Seven Ways to Measure Economic Health

This article covers six ways to measure the health of an economy.

Some may be hard to measure, but is GDP particularly easy to measure either? Also, these measures may have cousin measures at the micro or industrial level.

  1. GDP – The total price of final goods and services
    1. Also, if GDP = I + C, and I includes future goods, does it really meet its own definition?
    2. It might be called Final Domestic Expenditure to match the syntax of later mentioned concepts.
  2. Intermediate Domestic Expenditure – The total price of intermediate goods and services
  3. Secondary Market Size – The total price of used goods and services.
    1. What is a used service? Maybe there is no such thing, or maybe pawn shops count.
  4. IDE/GDP – Ratio of intermediate market to final market, which may be like a BMI of the economy. It may be an indicator of development, or an otherwise useful measure, or a useless measure.
  5. Count of Transactions, or Transaction Volume – An interesting indicator for stability and liquidity purposes. Maybe cooler when mixed with other indicators.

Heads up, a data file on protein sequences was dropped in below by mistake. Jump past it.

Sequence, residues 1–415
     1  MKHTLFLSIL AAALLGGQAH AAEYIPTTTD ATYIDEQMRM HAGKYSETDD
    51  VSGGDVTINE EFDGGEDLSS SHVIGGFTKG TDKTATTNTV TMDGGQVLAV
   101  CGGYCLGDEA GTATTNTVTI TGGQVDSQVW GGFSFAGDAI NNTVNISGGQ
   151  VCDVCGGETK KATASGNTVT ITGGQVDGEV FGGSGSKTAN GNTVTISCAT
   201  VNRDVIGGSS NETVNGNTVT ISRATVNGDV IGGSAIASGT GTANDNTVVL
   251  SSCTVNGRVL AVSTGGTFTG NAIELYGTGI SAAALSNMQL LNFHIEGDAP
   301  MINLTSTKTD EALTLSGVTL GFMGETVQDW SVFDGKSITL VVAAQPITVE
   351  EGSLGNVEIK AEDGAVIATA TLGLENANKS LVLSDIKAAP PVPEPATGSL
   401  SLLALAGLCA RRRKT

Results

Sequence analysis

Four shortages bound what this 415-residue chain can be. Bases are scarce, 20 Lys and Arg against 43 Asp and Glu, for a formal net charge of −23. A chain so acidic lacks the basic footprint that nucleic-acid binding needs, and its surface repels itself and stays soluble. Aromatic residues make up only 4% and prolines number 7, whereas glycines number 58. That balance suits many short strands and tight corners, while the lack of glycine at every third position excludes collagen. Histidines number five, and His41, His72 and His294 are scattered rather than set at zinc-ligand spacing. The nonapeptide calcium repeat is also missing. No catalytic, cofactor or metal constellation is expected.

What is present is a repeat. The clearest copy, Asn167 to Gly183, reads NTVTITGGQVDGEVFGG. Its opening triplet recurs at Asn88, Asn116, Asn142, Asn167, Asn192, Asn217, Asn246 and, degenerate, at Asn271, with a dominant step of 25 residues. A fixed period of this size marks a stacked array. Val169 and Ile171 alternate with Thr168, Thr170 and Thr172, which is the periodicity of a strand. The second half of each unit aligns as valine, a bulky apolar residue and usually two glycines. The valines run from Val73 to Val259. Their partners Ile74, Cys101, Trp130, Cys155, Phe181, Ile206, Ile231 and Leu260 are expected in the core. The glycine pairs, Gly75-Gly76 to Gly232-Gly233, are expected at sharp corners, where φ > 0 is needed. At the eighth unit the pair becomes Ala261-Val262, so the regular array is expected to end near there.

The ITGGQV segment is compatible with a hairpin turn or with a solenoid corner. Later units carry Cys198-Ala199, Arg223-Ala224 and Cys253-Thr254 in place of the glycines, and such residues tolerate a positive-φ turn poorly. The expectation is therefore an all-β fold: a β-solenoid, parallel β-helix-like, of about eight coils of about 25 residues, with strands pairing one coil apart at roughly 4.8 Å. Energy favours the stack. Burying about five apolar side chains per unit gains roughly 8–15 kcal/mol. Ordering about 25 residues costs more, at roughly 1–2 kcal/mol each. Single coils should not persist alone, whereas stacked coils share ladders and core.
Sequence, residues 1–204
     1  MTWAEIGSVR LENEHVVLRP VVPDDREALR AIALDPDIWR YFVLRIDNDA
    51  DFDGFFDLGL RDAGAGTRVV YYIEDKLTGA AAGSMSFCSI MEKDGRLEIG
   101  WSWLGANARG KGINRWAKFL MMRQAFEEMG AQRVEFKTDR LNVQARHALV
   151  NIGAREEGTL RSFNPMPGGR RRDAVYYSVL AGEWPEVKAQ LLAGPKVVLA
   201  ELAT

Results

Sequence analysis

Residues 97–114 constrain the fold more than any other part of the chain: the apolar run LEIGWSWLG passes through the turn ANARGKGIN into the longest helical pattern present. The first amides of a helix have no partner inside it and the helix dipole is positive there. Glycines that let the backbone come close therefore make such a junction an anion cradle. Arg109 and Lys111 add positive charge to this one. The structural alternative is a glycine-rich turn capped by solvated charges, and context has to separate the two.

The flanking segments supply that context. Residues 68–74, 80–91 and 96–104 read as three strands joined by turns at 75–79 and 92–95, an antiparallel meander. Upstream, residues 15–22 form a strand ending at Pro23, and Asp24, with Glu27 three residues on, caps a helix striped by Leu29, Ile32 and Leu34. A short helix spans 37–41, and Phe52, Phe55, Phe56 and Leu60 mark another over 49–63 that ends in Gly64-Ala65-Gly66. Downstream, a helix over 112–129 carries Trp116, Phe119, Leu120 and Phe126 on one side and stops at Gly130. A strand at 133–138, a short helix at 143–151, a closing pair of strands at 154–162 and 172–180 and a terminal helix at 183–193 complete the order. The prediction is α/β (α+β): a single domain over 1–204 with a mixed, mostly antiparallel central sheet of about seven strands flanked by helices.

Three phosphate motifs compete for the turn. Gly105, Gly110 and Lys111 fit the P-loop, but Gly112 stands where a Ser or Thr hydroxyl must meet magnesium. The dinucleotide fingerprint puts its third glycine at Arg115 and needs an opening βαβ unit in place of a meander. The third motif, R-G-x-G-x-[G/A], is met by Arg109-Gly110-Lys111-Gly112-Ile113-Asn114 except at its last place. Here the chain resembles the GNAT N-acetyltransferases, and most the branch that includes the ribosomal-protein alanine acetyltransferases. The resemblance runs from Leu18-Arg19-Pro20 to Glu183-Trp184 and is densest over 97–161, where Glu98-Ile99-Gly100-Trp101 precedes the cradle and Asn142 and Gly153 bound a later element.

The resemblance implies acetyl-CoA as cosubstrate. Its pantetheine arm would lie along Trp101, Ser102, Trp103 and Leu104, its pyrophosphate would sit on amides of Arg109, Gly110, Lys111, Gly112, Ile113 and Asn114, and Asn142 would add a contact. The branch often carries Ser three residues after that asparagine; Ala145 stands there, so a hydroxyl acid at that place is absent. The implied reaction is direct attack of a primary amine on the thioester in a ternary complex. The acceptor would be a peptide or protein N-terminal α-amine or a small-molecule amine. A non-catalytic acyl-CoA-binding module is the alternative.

6. Consumer Surplus / Excess Production
    1. Excess production would be like the inventories held by producers in the current period.
    2. Consumer Surplus here can be thought of potentially as an excess. If producers had squeezed out every dime of surplus through perfect price discrimination, after all, total product may have been higher and the economy may have grown larger.
    3. Although the term “excess” may be misleading as they may intentionally or strategically be producing and holding future goods, but still the indicator is interesting and may relate to expectations, production, the interest rate, current and future unemployment estimates, and so on.
  7. Total Inventory Price – The total inventories, not just for the current period.

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